No surprise there - Marco had always showed him. Emi remembered him, aged seven, bouncing through the clothes hanging from the line, running his black hair along the newly dried sheets as they cracked in the breeze in his Mother’s garden. Emi laughed and did it too. That warm, enclosing smell hung upon them – the one you got when you wrapped up in bed at night in a clean set. Sometimes on a sleepover Marco would creep through from his room and they would huddle up together in the solace of it and tell each other ‘Dylan Dog’ stories.

Claudio was watching him closely. “If it’s difficult to talk about Marco then try telling us something else. Tell us how you handled the study.”

The cigarette was a smear in his fingers already. “Something else! Well Marco knew this older boy who’d do homework for us, if he was paid. I didn’t mean to do it but Marco had tickets to the Sampdoria game so I thought it would be okay just once. I took some money from my Mother’s purse. She didn’t know it was gone. She never did. She doesn’t know anything. So I paid this boy Alex a few Euros and he gave me all the answers to the Physics homework. I copied most of them - not all - so that it wouldn’t look suspicious. Well I was third in the class for that homework, and the teacher was very pleased. My parents were pleased too. I felt great.”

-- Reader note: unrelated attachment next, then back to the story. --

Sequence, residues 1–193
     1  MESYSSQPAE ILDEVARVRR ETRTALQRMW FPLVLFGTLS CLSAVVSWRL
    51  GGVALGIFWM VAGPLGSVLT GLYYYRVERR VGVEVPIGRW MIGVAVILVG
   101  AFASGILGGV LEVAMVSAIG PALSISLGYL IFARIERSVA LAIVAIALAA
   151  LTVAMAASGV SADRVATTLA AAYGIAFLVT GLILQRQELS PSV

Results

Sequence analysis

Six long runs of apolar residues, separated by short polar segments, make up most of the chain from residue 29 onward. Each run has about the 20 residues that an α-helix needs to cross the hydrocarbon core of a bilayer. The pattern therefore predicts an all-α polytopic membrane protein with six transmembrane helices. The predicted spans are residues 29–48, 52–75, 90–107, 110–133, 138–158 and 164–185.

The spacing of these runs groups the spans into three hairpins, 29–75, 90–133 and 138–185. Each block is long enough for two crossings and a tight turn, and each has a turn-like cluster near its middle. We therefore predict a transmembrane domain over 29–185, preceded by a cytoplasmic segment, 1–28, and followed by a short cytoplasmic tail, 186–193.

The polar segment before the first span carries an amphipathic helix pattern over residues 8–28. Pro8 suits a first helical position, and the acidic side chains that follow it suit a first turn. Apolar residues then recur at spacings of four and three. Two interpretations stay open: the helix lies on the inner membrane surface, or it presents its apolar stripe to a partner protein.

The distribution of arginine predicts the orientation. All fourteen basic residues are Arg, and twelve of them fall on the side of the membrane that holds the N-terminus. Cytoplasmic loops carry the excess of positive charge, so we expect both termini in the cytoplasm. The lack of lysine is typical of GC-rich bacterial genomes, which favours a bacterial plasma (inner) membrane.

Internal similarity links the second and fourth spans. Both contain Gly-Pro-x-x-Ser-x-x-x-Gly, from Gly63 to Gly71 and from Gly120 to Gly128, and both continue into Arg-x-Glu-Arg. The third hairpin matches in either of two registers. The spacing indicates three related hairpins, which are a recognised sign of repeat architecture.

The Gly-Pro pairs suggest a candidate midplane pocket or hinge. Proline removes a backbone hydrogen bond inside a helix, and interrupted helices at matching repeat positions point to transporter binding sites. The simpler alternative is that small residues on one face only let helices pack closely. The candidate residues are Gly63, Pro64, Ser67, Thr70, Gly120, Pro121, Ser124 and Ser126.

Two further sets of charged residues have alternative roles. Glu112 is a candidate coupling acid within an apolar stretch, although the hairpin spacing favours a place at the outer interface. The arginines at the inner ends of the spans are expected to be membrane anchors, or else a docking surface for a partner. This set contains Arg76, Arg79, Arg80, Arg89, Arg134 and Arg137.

“Yeah, the Australian boy. Marco called him Testa Carrote – Carrot head. Only half Australian really – Mama is Italian - but he spent a lot of time there. Learnt a lot there he says.”

The story began to come more easily. Just by talking about what happened, the events rather than the people and the emotions, he felt partly removed from it. A few weeks later there had been a big match with Roma. When he again got good grades his teacher took him aside and asked him, pointedly, how it was that he didn’t manage such grades every week. So with a little experimentation the unsecured purse yielded up enough for a weekly payment and Emi became a climber in the class. His father slapped him across the back making him walk lightly, and his Mother talked about him in the village butcher’s. The curious looks at school didn’t go away though. One day he asked Alex,

“You must be rich man! What’re you going to do with all that money?”